Wetlands – why all the Fuss?

By Anina Lee, Whale Coast Conservation

The Hermanus Botanical Society has chosen “wetlands” as the theme for their 2013 Flower Festival in the Fernkloof Nature Reserve in September. The festival will highlight the importance of wetlands from a biodiversity perspective.
Wetlands are the link between water and the land. “Wetlands” is the collective term for the marshes, swamps and bogs in depressions and along the edges of streams, rivers, lakes and coastlines.

Wetlands have been identified as the third most important life support system on earth.  They are important habitats for many species of birds, amphibians, fish, invertebrates and wetland-associated mammals, such as otters, mongooses and small buck.  

Wetland plants absorb nutrients from the surrounding water, acting as nutrient ‘sponges’ and assist in the removal of excess nutrients from the water.  The slow passage of water through wetlands means that they play an important role in flow regulation, reducing the rate at which rainfall accumulates in lower-lying areas and reducing the erosive power of surface runoff.  The roots of wetland plants are excellent binders of the soil, and thus reduce bank erosion.  Wetland soils retain water for long periods of time, contributing towards the constancy of water supply.

However, despite the ecological, economic and educational value of wetlands, it has been estimated that over half of South Africa’s wetlands have already been destroyed and lost, while those that remain are among South Africa’s most threatened natural areas.

Let us have a look at the state of wetlands of just a small area of Hermanus – the Fernkloof Nature Reserve and the urban areas downhill from the reserve.

 In days gone by the run-off from the coastal mountain range resulted in a coastal plain that was rich in wetland. This provided excellent grazing and the first grazing rights on the farm Mosselrivier was obtained in 1724. This farm was to the west of Hermanus township, from where the Marine hotel is today up to the Klein River.

Paradoxically, it was partly due the ecosystem services provided by these wetlands (and the excellent fishing in the Bay) that also led to their destruction. Soon more settlers arrived and with them came the need for development.

The eastern side of Mossel River (now Voëlklip) and Poole’s Bay (the present Eastcliff) were both surveyed in 1893. The two “villages” developed side by side, Voëlklip mainly as a holiday destination. Hermanus amalgamated with Poole’s Bay and Voëlklip in 1940.

With this urban development also came the draining of wetlands of the coastal plain. Frank Woodvine writes: “I was told the Eucalypts just below the Fernkloof Nature Reserve were planted by Jack Poole of Poole’s Bay as a timber production venture, along with a forest of pines in the area, probably around the 1940s.” These trees have now made way for the Fernkloof Golf Estate development.

“There was always a problem with ground water in the suburb.  Ion Williams told me of an elderly gentleman sitting on his stoep, G & T in hand when his swimming pool popped up out of the ground due to high water table, causing the man some consternation .The concrete channel installed near the Visitor Centre was constructed to carry away flood water and allow the suburb to be developed.”

Even today there are still several springs that bubble up in the Fernkloof Estate during the rainy season.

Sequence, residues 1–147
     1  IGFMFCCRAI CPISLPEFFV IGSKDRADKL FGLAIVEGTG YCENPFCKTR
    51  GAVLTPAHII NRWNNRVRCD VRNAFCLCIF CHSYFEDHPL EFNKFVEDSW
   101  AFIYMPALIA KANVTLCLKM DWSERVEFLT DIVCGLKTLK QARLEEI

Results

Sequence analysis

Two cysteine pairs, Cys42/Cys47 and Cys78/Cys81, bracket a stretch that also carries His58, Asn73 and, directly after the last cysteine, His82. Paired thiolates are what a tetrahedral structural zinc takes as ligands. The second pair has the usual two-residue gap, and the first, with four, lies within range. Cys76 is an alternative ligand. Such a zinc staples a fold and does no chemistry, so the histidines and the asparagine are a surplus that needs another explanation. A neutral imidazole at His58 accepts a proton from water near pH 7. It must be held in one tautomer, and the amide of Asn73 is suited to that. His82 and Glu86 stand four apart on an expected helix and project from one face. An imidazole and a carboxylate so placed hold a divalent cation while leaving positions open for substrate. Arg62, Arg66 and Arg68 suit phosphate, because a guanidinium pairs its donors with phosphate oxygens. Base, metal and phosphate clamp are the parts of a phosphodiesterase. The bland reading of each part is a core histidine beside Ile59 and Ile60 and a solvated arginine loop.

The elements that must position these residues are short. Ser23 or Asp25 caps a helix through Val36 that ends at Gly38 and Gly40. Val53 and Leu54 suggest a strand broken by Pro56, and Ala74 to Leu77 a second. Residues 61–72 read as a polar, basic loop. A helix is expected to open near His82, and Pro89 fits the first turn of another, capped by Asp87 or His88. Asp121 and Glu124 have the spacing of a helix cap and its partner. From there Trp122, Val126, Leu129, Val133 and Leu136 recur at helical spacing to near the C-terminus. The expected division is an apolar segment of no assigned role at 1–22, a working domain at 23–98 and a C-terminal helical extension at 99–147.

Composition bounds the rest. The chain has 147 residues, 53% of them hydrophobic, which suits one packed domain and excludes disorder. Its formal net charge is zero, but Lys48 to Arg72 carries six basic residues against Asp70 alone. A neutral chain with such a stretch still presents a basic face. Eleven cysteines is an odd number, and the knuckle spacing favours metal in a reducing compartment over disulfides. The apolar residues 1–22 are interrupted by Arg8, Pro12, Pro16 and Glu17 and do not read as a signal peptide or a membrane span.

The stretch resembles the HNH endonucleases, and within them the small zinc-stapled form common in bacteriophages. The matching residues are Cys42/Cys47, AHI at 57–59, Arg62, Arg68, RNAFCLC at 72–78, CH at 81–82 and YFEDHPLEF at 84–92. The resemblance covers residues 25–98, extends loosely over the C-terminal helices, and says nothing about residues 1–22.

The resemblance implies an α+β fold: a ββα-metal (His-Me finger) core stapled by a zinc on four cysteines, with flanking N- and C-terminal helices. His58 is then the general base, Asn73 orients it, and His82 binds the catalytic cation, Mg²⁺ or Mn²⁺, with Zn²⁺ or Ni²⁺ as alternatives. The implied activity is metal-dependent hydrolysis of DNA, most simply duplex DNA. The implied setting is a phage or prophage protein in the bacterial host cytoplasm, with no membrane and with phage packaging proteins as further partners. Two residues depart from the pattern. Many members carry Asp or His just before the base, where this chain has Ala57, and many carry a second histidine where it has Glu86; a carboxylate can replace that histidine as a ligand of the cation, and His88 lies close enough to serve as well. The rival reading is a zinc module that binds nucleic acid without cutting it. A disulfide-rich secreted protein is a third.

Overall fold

Fortunately, open space remained on the coastal plain as the Hermanus Golf Course. A small but precious wetland area of 11 ha remains formally conserved here, commonly known as the Flat Street Wetland. The water quality of the wetlands is constantly monitored and a project is about to be launched to assess their ecological health by surveying the frog species in the wetland. It is already known that the clicking stream frog, river frog and De Villiers’s moss frog find a home here and it is thought that the common platanna, arum lily frog and raucous toad will also be found.

The three most threatened frogs in our area are the micro frog, Cape platanna and the Western Leopard Toad. Whether by some miracle any of these might be found in our local wetlands remains to be seen. The largest population of Western Leopard Toad in South Africa was until the mid-nineties found in Kleinmond, after which they disappeared, probably due to destruction of their habitat by development.

An important coastal wetland area between the “scout camp” and the Vogelgat River seepage area is now also conserved as part of the Fernkloof Nature Reserve.

Our local wetlands also support a wealth of flora. The most dominant plants typical of Overstrand wetlands are the marsh daisy, Osmitopsis astericoides, restios (including the rare Platycaulos major), Erica perspicua and Berzelia lanuginosa.  Erica capillaris was last seen in Hermanus in Arc Street forty years ago, and was thought to be locally extinct.  This species now inhabits the damp seasonal wetland fringes of the Flat Street wetland area. Another species of local importance in Flat Street is Erica villosa, which has a very restricted distribution.

Wetlands provide opportunities for popular recreational activities, especially birding. For example, an estimated 50 million people worldwide spend approximately US$10 million each year observing and photographing wetlands-dependent bird species. In the Overstrand the Important Birding Areas associated with wetlands are the Botvlei area, including Rooisand and the Lamloch Swamps; and the Klein River Estuary and associated wetlands on the coast just east of Voëlklip.

Whatever one’s interest, be it ecosystem services, zoology, botany or birding, our wetlands have it all.

Erica perspicua

My thanks to the following people who contributed information for this article: Frank
Woodvine, Sheraine van Wyk, Lee Burman, Geordie Ratcliff, Pat Miller.